From: Damien Broderick (email@example.com)
Date: Sat Dec 31 2005 - 16:04:09 MST
At 05:13 PM 12/31/2005 -0500, John K Clark wrote:
>Yes, just become a billionaire through the lottery and the debate is
>over, I was wrong and psi is real. We all know that will never happen,
This seems an appealing, solidly commonsense objection, but only to those
who have absolutely no knowledge of the claims actually made by
parapsychologists today, typically in regard to observed effect sizes. It's
the kind of comic strip objection that would be relevant if professional
parapsychologists claimed X-Men powers, or endorsed the sorts of miracles
that were the fodder of 1950s Astounding science-fiction stories.
Incidentally, even supposing that you had the capacity to know perfectly
and easily in advance *by ordinary means* the winning numbers of a lottery,
I'm pretty sure there's no way to become a billionaire by using that
knowledge. A millionaire, sure, eventually.
But, as an hour or two reading the claims actually made by
parapsychologists would demonstrate, the size of the deviations from chance
typically encountered in traditional psi studies are of the order of one
extra correct guess per hundred (where p is 1 in 5), if not markedly less.
IIRC, the average PEAR deviation is of the order of one in 10,000.
Presumably this is due to the exceptionally tedious nature of the task they
set up, which is designed not to facilitate the purported phenomena but to
ensure that the data is recorded and archived in a watertight manner, and
that the analysis testing for paranormality is straightforward.
The Mega Millions lottery requires you to identify five numbers out of 56
and an additional one number out of 46. Quickly now, tell me your brilliant
protocol for achieving this aim given a phenomenon that manifests itself as
an excess of (at best) one extra correct guess in a hundred. It takes you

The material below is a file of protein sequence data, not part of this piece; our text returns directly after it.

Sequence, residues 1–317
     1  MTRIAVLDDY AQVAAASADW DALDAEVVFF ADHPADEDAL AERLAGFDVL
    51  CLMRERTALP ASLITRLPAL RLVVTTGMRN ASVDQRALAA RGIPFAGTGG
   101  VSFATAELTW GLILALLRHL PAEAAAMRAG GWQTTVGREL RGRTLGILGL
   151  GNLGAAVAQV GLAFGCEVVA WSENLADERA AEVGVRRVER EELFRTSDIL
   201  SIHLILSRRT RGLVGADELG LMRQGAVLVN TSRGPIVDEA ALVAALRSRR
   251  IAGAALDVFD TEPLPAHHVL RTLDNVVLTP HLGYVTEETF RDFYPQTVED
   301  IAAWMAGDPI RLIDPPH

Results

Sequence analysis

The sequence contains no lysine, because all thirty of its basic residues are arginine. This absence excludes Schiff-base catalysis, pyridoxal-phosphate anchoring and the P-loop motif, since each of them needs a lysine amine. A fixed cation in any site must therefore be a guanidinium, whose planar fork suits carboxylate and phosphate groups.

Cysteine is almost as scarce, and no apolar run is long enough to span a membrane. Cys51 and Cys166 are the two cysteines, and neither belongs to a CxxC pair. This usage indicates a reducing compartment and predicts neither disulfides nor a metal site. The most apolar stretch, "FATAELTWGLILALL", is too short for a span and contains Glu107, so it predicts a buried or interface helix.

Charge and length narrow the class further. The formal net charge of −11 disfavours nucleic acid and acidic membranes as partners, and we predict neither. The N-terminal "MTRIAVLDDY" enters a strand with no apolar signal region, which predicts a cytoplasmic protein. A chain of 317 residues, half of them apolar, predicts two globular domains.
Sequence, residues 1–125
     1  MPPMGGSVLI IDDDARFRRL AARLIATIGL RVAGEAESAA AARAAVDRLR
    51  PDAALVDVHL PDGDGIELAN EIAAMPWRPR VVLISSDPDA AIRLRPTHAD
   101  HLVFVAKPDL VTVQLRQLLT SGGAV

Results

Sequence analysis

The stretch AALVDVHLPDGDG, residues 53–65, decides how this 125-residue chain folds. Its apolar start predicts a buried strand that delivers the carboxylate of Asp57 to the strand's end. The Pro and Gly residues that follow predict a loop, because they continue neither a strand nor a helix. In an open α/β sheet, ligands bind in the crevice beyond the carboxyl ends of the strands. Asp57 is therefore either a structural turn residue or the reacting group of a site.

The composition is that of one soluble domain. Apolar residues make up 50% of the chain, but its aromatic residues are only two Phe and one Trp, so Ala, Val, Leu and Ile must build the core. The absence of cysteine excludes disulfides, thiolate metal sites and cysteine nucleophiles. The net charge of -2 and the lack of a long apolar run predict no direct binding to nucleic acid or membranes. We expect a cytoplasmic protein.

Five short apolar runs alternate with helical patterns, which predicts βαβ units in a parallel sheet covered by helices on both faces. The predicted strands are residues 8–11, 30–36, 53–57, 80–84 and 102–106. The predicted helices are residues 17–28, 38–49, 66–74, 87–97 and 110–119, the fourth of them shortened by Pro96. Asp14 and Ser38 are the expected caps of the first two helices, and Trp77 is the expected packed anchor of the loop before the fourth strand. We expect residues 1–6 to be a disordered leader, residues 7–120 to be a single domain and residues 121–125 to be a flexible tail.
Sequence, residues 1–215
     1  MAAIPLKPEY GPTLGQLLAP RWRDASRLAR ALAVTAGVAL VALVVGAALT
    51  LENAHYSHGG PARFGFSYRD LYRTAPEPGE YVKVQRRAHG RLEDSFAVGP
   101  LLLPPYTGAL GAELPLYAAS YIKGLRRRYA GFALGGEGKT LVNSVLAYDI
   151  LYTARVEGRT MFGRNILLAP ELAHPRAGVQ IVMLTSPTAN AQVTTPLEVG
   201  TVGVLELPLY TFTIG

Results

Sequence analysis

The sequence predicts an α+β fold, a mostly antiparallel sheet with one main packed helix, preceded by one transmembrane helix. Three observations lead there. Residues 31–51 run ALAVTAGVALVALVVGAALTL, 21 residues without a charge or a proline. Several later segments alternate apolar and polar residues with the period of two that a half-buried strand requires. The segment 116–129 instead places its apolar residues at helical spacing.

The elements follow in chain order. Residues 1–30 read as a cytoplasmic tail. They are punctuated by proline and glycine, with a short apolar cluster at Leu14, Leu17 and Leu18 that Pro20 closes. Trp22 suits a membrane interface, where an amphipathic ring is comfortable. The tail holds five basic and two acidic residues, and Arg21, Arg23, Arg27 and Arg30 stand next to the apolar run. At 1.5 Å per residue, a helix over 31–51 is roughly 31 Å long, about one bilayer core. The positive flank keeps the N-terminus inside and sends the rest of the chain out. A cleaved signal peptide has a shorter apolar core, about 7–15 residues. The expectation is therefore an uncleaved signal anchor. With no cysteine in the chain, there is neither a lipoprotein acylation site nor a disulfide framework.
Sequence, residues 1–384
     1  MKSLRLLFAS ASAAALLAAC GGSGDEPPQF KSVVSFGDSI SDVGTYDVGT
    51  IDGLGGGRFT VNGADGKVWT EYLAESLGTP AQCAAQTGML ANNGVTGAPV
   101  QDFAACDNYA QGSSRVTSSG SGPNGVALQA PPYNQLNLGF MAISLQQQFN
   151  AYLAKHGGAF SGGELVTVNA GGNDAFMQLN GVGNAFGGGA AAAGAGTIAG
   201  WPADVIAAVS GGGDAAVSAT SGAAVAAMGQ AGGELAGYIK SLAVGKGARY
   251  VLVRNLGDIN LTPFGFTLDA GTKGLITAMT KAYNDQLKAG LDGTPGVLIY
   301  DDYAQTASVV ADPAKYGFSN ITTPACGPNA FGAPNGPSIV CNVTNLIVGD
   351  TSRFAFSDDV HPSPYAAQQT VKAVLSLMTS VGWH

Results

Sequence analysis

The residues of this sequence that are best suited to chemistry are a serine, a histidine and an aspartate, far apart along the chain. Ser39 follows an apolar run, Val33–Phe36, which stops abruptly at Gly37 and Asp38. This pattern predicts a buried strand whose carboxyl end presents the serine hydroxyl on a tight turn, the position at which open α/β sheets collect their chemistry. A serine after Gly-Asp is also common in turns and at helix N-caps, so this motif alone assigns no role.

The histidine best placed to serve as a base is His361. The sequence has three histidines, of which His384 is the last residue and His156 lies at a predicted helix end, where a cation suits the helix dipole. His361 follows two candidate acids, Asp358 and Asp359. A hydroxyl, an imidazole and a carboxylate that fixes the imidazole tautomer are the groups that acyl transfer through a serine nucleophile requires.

100,000 guesses to attain one standard deviation, which is hardly enough to
instil confidence. True, you're only risking a dollar, so you might be
prepared to stop after 100,000 guesses.
Of course, this brutal approach strips away all the inbuilt affordances of
the human mind, so one might suppose that if psi actually exists there must
be better ways to apply it. Thus, the development of protocols for what is
now called remote viewing. But this, too, is a procedure -- like according
one's memory of dreams -- prey to all kinds of noise, second-guessing,
elaboration. There is abundant evidence that remote viewers like Joseph
McMoneagle can do remarkably better than chance using these protocols, but
again it's very difficult to devise a method of coding a Mega Millions
lottery ticket into the kind of imagery identifiable by this process.
I used to think it would be very easy: all you need to do is translate a
sequence of decimal numbers into binary form and encode a binarized image
from it as the target: dark versus light for the first one/zero, male
versus female for the second one/zero, inside versus outside for the third
one/zero... The problem here is that a single mistake throws the whole
thing out. Okay, so we invoke redundancy. But now new hazards arise, not
least the necessity to find not just one but two or even 56 or 132 ace
I've bored you all, I can tell. Killfile the gullible idiot. Such
incredible horseshit. Don't look, don't look.
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